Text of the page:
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Enforcement curbs illegal bird trade

Study reveals fewer wild birds in pet markets following government action

By CHEN LIANG | China Daily | Updated: 2024-06-11 09:31
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A pair of Chinese mergansers swim in the river. [Photo provided to CHINA DAILY]

Wildlife enforcement actions have played a vital role in combating the illegal wildlife trade in China. While the effectiveness of the conservation measures has garnered significant research attention, there remains a lack of comprehensive national-scale assessments.

To systematically evaluate the effectiveness of enforcement measures, a group of Chinese researchers evaluated the nationwide Protecting Migratory Birds Special Action.

The initiative was launched by the National Forestry and Grassland Administration, formerly the National Forestry Administration, in October 2016 to combat the illegal bird trade and safeguard migratory birds and other wildlife species. It mobilized efforts to thoroughly inspect key areas where migratory birds make stopovers during their flights, aiming to disrupt illegal trading networks.

"By analyzing changes in pet bird markets nationwide before and after this special action, our research aimed to reflect the efficacy of protection enforcement," said Liang Zhijian, a doctoral student from the School of Ecology at Sun Yat-sen University in Shenzhen, Guangdong province, who is the first author of a paper on the study published online today in the Proceedings of the National Academy of Sciences, a peer reviewed scientific journal of the National Academy of Sciences of the United States, with the title of Law Enforcement and Pet Bird Trade in China.

The study investigated 221 pet bird markets across the country and selected 73 of them for comparative analysis, he said, documenting 346 species from 16 orders and 48 families, comprising 140,723 individual birds.

According to the paper, the study revealed a significant decrease in the number of birds in markets nationwide following the special action. Specifically, the number of individuals of protected bird species exhibited a notable decline, dropping from an average of 443 individuals per market to 242 individuals, while the number of artificially bred birds, such as parrots and finches, saw a significant increase. Meanwhile, the number of wild bird species native to the country witnessed a marked decrease.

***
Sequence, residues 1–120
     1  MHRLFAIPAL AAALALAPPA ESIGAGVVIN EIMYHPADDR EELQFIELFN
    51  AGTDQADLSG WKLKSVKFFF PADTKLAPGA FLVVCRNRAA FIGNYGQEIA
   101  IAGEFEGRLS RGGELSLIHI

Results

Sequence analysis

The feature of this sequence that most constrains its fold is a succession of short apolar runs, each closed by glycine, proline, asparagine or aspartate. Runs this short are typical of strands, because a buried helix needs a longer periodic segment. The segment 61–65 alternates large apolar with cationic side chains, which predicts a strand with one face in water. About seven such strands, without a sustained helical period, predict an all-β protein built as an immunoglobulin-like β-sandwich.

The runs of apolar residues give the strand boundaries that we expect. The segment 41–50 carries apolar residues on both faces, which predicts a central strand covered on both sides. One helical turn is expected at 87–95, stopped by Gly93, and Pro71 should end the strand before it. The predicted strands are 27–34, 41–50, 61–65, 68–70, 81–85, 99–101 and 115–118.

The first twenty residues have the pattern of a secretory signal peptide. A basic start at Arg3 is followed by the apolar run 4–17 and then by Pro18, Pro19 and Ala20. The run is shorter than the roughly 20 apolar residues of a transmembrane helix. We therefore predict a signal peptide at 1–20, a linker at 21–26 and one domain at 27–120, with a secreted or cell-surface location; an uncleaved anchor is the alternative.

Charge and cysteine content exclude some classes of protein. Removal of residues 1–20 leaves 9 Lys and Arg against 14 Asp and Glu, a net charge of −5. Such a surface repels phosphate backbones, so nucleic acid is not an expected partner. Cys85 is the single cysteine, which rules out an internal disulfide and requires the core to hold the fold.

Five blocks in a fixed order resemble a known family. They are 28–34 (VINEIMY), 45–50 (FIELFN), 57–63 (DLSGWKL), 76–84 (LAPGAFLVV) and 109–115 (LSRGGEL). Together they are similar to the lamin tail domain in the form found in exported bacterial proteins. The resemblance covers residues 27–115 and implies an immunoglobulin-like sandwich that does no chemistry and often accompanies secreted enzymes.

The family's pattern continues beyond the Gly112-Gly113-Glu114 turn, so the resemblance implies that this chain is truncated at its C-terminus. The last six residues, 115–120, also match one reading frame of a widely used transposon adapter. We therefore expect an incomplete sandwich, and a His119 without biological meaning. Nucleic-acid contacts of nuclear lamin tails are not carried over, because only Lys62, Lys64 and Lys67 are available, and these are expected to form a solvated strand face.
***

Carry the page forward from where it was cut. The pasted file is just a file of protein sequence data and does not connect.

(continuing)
Further analysis identified protection level as the most critical factor explaining changes in the number of individuals traded.

"We found that songbirds were the most traded taxonomic group, accounting for approximately 90 percent of traded native wild bird species," said Liu Yang, a professor at the School of Ecology at Sun Yat-sen University, who is one of the article's leading authors.

"But about one-third of the native songbird species sold in markets were not listed in the National Key Protected Wildlife List or the National Protected Terrestrial Wildlife List of Significant Ecological, Scientific and Social Value. It means a lack of timely protection attention to species facing trade threats."

The study suggested that the effectiveness of enforcement and public awareness of conservation are closely related to species protection levels, underscoring the need to scientifically evaluate the design of protection lists based on species' trade situations to prevent endangered species threatened severely by trade from facing extinction risks.

Following the adjustment of the National Key Protected Wildlife List in 2021, Liu said the protection coverage of songbird species threatened by trade significantly improved.

Seven of the top 10 traded native wild bird species in pet bird markets across the country have been included in the revised list, such as the Chinese hwamei, chestnutflanked white-eye, Mongolian lark, red-billed leiothrix, common hill myna and Siberian rubythroat. The trade and conservation dynamics of these songbirds merit further research, Liu said.

Based on this study, enforcement actions have proven effective in conserving protected bird species.

Part of the research was based on national surveys of bird markets in the autumn of 2016 and the spring of 2017 conducted by China Birdwatching Association, a nonprofit organization dedicated to promoting bird-watching and the conservation of birds, and supported by the Society for Entrepreneurs and Ecology Foundation, Liang said. The surveys involved experienced birdwatchers who investigated the trade situation in more than 200 pet bird markets across the country.

"Large-scale market surveys conducted by bird-watching volunteers nationwide provide valuable data support for evaluating the effectiveness of conservation policy," Liu said.

According to a 2023 survey, there are about 340,000 bird-watching enthusiasts on the Chinese mainland.

"Our study suggests that future research should focus on promoting the participation of citizen scientists, such as bird-watching enthusiasts, in conservation efforts, encouraging their involvement as volunteers in bird surveys and protection actions," Liu said. "Our research findings highlight the collaborative efforts of researchers and organizations in advancing wildlife conservation in China."

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